Mumbai: Indian companies and consumers, hit by high borrowing costs after 13 successive policy rate hikes by the Reserve Bank of India (RBI), may have reason to cheer in the New Year as the central bank embarks on monetary policy reversal.
Bank interest rates have hardened as a result of central bank action to douse inflation, which is still hovering above the 7% level RBI is targeting by next March. Inflation measured by the Wholesale Price Index rose to as high as 10% in September from 9.47% in January before easing slightly to 9.11% in November.
As economic growth slows, RBI indicated in its mid-quarter policy review on 16 December that it was set to reverse its policy stance.
“From this point on, monetary policy actions are likely to reverse the cycle, responding to the risks to growth,” RBI said.
Economic growth is forecast to slip to 7.5-to-7.75% in the year to next March by government estimates from the original expectation of 9%, compared with 8.6% growth in the last fiscal.
Mint’s Dinesh Unnikrishnan says the new year will in all likelihood bring some much needed cheer for borrowers as there are indications that RBI may embark on a monetary policy reversal.
Since March 2010, RBI has raised the reverse repo rate, at which it drains excess cash from the system, by 425 basis points (bps) and the repo rate, at which it lends to banks, by 375 bps to control inflation. One bp is one hundredth of a percentage point.
Since January, RBI has hiked its key lending rate by 225 bps, causing commercial banks to increase their lending rates by a similar margin.
On Thursday, state-run Union Bank of India cut its base rate or minimum lending rate by 10 bps to 10.65% with immediate effect.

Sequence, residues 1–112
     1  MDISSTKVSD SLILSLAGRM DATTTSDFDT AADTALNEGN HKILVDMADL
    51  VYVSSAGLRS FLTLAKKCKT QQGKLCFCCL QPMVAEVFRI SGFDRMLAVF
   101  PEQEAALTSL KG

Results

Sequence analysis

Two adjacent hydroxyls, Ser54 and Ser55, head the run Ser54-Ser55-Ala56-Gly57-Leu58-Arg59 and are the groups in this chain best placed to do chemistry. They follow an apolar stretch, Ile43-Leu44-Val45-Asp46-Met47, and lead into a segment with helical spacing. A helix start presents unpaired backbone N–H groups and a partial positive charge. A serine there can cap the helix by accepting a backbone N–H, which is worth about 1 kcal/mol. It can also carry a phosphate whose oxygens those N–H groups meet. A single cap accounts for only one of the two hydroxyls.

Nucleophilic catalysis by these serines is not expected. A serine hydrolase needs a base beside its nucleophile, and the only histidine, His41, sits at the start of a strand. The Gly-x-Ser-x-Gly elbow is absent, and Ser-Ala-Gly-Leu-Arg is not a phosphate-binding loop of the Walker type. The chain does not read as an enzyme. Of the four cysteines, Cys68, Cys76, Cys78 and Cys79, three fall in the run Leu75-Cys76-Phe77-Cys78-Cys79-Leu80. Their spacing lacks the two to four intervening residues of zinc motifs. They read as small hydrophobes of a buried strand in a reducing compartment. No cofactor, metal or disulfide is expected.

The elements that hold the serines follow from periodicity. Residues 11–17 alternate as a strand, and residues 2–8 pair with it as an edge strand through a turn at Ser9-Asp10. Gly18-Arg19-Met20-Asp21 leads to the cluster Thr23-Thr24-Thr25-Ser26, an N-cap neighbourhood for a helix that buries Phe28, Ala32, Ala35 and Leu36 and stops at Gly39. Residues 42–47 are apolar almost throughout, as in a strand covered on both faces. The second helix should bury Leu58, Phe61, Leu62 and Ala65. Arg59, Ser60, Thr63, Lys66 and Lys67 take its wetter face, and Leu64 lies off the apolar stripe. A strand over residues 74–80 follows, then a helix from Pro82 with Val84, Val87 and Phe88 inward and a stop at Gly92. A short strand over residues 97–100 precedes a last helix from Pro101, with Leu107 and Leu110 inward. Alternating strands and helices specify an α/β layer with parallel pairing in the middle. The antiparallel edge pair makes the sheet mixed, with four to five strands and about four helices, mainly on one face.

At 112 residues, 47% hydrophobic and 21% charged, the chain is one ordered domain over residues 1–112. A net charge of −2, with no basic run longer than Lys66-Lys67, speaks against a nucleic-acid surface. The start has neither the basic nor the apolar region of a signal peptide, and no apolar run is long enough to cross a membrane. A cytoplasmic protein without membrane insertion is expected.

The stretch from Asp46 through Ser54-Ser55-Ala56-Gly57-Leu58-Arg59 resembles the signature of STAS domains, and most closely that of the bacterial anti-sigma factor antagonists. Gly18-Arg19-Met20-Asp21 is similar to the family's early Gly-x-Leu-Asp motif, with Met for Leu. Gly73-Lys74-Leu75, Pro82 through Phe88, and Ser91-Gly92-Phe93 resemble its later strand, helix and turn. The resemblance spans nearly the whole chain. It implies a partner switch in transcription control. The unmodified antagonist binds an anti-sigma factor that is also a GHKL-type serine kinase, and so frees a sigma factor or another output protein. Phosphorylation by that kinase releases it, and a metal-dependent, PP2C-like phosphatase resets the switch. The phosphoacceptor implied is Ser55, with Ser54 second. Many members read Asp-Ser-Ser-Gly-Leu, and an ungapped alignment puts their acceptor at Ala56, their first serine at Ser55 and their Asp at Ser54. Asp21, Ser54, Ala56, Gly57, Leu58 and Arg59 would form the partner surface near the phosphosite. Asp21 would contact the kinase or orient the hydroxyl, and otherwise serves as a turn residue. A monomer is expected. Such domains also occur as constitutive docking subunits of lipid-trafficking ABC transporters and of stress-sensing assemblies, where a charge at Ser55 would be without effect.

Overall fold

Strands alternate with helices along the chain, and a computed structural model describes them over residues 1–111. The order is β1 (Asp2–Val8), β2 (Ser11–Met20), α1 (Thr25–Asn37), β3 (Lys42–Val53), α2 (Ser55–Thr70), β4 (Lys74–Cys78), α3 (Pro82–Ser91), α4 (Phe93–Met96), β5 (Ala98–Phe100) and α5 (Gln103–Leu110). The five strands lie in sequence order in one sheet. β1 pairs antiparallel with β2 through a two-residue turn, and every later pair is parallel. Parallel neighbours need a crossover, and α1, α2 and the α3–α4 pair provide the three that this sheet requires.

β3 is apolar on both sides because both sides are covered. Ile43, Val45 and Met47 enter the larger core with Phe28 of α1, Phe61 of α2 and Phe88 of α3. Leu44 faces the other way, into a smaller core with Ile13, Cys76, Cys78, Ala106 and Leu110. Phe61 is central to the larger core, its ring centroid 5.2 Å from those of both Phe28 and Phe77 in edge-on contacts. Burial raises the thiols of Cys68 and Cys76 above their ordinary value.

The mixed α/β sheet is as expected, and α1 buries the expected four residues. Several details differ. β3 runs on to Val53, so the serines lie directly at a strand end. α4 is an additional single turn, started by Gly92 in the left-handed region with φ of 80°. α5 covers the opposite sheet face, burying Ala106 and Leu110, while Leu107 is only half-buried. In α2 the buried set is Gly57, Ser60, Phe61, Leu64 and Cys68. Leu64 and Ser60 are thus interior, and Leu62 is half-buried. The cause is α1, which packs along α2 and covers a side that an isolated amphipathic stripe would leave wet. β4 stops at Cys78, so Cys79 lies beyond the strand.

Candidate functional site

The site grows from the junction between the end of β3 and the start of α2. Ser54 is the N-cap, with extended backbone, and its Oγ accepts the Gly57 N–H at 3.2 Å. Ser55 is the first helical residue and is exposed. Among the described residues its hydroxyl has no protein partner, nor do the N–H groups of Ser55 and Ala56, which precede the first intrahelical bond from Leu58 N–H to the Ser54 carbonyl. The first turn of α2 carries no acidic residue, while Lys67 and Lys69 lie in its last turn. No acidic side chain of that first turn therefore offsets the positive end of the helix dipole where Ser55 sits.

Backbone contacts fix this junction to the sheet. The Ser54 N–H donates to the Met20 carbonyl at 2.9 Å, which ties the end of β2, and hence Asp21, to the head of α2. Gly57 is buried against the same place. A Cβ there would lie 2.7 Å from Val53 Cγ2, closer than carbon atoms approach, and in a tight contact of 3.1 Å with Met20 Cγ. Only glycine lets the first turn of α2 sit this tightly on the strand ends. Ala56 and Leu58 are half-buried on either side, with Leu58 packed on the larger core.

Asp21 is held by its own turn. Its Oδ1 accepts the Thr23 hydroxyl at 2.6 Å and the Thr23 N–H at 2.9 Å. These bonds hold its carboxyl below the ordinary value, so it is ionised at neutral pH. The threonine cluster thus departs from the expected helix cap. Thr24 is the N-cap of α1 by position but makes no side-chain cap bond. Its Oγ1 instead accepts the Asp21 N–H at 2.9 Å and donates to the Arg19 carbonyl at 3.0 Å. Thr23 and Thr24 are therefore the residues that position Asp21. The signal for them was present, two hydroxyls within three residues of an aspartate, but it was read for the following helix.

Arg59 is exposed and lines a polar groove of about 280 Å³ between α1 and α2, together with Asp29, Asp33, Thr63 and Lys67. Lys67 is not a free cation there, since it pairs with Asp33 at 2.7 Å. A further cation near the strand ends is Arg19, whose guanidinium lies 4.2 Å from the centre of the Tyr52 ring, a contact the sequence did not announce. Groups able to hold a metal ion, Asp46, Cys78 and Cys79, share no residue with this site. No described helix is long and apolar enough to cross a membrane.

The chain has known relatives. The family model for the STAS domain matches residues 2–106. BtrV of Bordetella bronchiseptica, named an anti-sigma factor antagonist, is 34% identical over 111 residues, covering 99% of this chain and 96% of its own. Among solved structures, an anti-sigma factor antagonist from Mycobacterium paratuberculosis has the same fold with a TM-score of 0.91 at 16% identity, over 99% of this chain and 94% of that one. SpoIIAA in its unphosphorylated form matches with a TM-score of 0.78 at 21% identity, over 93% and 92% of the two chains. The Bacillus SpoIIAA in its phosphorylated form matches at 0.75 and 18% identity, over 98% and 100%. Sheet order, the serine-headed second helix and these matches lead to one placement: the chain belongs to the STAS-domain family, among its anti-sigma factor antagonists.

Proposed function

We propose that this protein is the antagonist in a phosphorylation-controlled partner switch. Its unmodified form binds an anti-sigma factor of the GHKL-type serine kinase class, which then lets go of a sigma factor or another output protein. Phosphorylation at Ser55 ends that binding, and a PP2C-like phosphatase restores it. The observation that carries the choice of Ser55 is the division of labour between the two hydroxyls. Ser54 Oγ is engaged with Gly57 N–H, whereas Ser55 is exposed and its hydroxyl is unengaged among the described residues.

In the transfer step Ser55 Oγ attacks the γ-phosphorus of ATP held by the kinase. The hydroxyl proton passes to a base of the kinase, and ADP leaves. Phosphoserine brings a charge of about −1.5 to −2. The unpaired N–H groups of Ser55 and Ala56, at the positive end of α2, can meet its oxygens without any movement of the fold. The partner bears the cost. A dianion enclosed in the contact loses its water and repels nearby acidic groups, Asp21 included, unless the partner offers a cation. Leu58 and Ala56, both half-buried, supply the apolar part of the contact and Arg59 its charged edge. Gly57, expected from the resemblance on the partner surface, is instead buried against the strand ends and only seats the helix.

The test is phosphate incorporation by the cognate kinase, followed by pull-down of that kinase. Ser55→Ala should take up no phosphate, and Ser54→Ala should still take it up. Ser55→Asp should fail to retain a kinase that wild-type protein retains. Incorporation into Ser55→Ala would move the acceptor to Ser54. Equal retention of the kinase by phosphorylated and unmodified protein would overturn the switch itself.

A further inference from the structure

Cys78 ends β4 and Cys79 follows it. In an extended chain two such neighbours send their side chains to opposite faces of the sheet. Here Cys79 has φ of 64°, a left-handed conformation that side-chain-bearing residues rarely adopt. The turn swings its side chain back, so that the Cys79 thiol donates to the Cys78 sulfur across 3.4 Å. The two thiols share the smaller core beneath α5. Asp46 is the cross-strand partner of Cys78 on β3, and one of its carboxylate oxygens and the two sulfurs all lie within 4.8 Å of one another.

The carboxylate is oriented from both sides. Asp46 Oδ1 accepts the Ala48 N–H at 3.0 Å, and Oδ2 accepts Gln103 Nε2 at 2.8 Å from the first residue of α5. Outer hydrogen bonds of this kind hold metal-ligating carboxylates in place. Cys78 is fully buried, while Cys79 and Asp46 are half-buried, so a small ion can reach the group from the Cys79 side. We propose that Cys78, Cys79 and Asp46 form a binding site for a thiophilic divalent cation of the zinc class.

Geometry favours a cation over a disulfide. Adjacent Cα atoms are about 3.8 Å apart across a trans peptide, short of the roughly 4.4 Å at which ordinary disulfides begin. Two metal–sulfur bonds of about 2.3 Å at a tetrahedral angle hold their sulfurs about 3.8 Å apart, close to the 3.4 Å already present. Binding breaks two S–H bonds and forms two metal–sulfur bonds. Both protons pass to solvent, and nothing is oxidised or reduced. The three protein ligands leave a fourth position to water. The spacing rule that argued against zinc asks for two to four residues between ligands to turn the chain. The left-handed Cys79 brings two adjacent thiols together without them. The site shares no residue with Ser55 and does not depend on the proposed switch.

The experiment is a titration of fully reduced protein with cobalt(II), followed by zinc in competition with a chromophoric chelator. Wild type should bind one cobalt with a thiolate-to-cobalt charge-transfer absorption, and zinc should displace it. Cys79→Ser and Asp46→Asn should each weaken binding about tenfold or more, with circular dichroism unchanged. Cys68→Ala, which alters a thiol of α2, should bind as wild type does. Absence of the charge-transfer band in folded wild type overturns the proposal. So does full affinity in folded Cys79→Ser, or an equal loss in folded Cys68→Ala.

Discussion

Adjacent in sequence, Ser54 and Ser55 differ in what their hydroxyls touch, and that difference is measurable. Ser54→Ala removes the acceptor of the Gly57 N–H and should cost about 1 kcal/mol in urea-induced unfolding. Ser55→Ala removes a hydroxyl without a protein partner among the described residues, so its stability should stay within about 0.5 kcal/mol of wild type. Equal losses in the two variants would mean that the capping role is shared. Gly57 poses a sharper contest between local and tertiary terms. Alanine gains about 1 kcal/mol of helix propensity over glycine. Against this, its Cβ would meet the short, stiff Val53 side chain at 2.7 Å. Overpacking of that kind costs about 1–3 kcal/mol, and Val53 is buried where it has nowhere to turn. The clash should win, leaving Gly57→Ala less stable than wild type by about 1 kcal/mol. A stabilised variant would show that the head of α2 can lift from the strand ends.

“Given the current indications, in the first half of next fiscal, the interest rates may stabilise and may then start coming down in response to policy actions taken by RBI,” said K.R. Kamath, chairman and managing director of state-run Punjab National Bank.
S. Raman, chairman and managing director of Canara Bank, agrees. “We have reached the peak (of the interest rate cycle). There is every possibility that rates will come down from now on,” he said.
Inflation is likely to ease to the apex bank’s projected level of 7% by end-March, which would enable RBI to start cutting its key rates from April, says D.K. Joshi, chief economist at ratings company Crisil Ltd. Joshi says RBI is likely to cut rates by as much as 100 bps in the next year in line with the fall in the inflation rate.
“Softening inflation will create a conducive environment for RBI to start cutting rates from April,” he said. “If RBI cuts rates, banks will follow. Interest rates in the system can come down sharply if inflation comes down sharply.”
Major banks like the State Bank of India (SBI) and ICICI Bank Ltd have seen their minimum lending rates increase by up to 240 bps in the last one year.
The rise in borrowing costs has put loans beyond the reach of individuals and companies. According to the latest RBI data, Indian banks’ overall loan growth was a mere 7.4% so far in this fiscal year, compared with 10.9% in the same period last year. This is against an 18% loan growth projection by the apex bank.
Experts are not so confident about the central bank’s ability to control inflation by increasing policy rates.
“RBI’s ability to effectively control inflation through interest rates mechanism alone has not worked and is unlikely to work, because the primary cause of inflation is emerging from supply-side constraints,” said Abizer Diwanji, head of financial services at KPMG India. “Interest rate monitoring has never been an effective way to control inflation.”
Some analysts said even if RBI hikes rates further to stem inflation, banks are unlikely to pass on the burden to borrowers given the poor demand for credit. Besides, any further hike would put more pressure on the asset quality of the banks by lowering the ability of companies and individuals to pay back their debts.
“Even if RBI hikes rates now, banks will not be able to follow when the demand for loans is already low given the current high interest rates in the system,” says Hatim Broachwala, analyst at Mumbai-based Fortune Financials.